espite the gloomy weather for the 15’s first match of the season the rugby teams from the University of Northampton and University of Leicester played on. Opening the match with one try and two conversions the University of Northampton’s rugby team, the Bears, got off to a great start. Yet the University of Leicester’s rugby team, Team Leicester, made a come back before the second half with two trys and continued that pattern with scoring another two trys in the second half, obtaining a total of four trys and two players from the Bears sustained injuries; a broken finger and dislocated

shoulder. As the sun was coming up, the whistle was blown and a final score of 7- 27 to Team Leicester was announced. Although the Bears walked away disappointed Robbie Wright, a player for the Bears but spectator for the match commented: “I thought it was good, but the team we’ve played have been dropped down in the league. They are meant to be the best team in our league and we kept up with it pretty well in the first half but it was fitness that let us down in the end, so it was positive.”

CLICK TO LISTEN TO THE AUDIO or try this link: https://soundcloud. com/totalrugbymagazine/universityof-northampton


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Is women’s rugby underrated Women’s rugby is known not to be as popular men’s rugby, yet in the 21st century this sexism surrounding rugby should have changed. Nikki White went to find out why things hadn’t changed and the difference of opinion surrounding this issue…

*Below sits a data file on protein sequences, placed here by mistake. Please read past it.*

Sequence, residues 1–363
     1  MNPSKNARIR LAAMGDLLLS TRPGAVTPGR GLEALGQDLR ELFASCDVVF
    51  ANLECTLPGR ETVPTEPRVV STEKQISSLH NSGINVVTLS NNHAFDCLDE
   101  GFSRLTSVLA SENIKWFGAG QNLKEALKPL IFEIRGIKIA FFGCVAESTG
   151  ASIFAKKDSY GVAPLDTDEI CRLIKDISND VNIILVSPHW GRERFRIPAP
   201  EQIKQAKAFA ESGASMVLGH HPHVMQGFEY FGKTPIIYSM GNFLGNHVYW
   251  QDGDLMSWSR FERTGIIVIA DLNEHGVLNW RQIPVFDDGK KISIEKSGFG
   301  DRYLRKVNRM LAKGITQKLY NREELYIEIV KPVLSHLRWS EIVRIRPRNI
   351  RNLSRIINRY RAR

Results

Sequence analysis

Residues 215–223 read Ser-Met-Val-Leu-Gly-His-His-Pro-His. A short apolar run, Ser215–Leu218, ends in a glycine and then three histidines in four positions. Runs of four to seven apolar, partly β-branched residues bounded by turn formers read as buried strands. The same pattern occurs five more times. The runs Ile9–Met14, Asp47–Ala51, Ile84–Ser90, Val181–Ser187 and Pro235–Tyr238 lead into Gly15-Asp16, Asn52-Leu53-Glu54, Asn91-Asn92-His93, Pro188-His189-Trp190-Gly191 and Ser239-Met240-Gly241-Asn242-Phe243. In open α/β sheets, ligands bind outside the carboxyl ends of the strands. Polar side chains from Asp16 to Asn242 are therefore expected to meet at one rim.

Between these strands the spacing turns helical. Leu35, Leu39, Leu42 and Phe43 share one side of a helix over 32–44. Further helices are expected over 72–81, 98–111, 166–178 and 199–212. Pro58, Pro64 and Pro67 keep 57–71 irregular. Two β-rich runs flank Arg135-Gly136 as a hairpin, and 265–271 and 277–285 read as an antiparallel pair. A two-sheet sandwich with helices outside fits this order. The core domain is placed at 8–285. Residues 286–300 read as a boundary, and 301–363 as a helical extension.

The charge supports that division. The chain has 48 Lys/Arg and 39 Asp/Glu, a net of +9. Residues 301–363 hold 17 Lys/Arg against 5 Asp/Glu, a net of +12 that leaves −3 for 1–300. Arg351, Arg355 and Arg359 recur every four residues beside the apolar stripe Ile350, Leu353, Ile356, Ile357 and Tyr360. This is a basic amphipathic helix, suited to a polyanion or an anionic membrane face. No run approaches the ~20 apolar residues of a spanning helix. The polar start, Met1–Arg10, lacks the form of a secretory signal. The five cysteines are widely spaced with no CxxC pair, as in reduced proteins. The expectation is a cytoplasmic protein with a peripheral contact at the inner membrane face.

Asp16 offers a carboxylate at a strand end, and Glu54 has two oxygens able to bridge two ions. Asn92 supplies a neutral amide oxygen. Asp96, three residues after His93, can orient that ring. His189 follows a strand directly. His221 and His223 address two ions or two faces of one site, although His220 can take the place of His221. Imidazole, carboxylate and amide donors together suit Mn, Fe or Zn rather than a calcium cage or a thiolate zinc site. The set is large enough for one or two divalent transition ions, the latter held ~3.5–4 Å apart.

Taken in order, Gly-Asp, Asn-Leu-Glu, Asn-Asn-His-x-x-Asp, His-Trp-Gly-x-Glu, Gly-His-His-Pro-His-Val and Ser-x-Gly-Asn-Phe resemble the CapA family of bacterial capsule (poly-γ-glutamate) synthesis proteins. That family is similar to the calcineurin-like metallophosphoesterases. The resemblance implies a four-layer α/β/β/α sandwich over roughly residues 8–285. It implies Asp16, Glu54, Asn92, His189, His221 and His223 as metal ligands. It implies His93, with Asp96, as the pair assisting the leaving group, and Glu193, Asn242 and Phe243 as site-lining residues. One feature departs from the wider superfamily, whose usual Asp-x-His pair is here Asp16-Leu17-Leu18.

Listen to Nikki White’s soundcloud podcast by clicking the picture above or this link: https://soundcloud.com/totalrugbymagazine/sexism-inrugby-university-of

Men’s rugby team playing rugby in a match

Martin Connolly (left) and Richard Bosworth (right) Two boys from the men’s rugby team practicing skills

Men’s rugby team practise their throwing skills

Men’s rugby team stretching their muscles

he less publicised. Megan Jones, captain of the University of women’s rugby team, feels Northampton’s women’s rugby is underrated rugby teams say that compared to men’s rugby because the popularity isn’t even after all this there anymore. time sexism still Megan commented on her experience: “We experience exists between men’s being less important than and women’s rugby men’s rugby a lot within the University. During Union because the latter is

Northampton’s freshers fair, men’s rugby was overwhelmed with people signing up to the team but our team didn’t have that same popularity.” Yet, Kerry Allen, treasurer for the women’s rugby team, believes that it’s traced to secondary schools because they don’t employ women’s rugby because the nature of the sport is aggressive and not very feminine.